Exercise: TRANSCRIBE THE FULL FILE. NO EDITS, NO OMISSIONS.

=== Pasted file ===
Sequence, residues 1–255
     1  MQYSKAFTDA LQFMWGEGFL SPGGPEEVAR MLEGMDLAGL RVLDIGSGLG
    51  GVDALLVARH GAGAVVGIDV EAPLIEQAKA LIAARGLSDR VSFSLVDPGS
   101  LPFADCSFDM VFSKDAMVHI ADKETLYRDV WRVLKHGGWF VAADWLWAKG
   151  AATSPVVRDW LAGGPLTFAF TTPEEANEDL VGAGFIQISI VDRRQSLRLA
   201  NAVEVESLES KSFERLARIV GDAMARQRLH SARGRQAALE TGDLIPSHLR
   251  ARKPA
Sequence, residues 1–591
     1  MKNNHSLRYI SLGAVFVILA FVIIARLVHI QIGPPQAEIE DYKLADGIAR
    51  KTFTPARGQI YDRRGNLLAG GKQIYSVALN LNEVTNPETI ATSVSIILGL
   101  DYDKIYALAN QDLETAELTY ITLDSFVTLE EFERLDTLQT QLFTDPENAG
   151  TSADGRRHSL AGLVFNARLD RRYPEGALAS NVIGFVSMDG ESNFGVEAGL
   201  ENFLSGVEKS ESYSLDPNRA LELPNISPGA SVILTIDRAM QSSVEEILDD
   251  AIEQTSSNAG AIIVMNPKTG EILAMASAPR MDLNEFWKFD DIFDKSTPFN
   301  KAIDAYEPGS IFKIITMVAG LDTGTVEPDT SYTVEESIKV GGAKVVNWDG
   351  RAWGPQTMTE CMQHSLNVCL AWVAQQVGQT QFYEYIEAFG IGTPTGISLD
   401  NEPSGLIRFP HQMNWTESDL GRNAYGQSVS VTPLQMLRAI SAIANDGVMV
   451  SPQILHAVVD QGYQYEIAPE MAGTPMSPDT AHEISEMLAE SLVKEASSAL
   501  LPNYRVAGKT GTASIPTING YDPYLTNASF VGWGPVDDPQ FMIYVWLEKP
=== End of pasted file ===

Sequence, residues 1–255
     1  MQYSKAFTDA LQFMWGEGFL SPGGPEEVAR MLEGMDLAGL RVLDIGSGLG
    51  GVDALLVARH GAGAVVGIDV EAPLIEQAKA LIAARGLSDR VSFSLVDPGS
   101  LPFADCSFDM VFSKDAMVHI ADKETLYRDV WRVLKHGGWF VAADWLWAKG
   151  AATSPVVRDW LAGGPLTFAF TTPEEANEDL VGAGFIQISI VDRRQSLRLA
   201  NAVEVESLES KSFERLARIV GDAMARQRLH SARGRQAALE TGDLIPSHLR
   251  ARKPA
Sequence, residues 1–591
     1  MKNNHSLRYI SLGAVFVILA FVIIARLVHI QIGPPQAEIE DYKLADGIAR
    51  KTFTPARGQI YDRRGNLLAG GKQIYSVALN LNEVTNPETI ATSVSIILGL
   101  DYDKIYALAN QDLETAELTY ITLDSFVTLE EFERLDTLQT QLFTDPENAG
   151  TSADGRRHSL AGLVFNARLD RRYPEGALAS NVIGFVSMDG ESNFGVEAGL
   201  ENFLSGVEKS ESYSLDPNRA LELPNISPGA SVILTIDRAM QSSVEEILDD
   251  AIEQTSSNAG AIIVMNPKTG EILAMASAPR MDLNEFWKFD DIFDKSTPFN
   301  KAIDAYEPGS IFKIITMVAG LDTGTVEPDT SYTVEESIKV GGAKVVNWDG
   351  RAWGPQTMTE CMQHSLNVCL AWVAQQVGQT QFYEYIEAFG IGTPTGISLD
   401  NEPSGLIRFP HQMNWTESDL GRNAYGQSVS VTPLQMLRAI SAIANDGVMV
   451  SPQILHAVVD QGYQYEIAPE MAGTPMSPDT AHEISEMLAE SLVKEASSAL
   501  LPNYRVAGKT GTASIPTING YDPYLTNASF VGWGPVDDPQ FMIYVWLEKP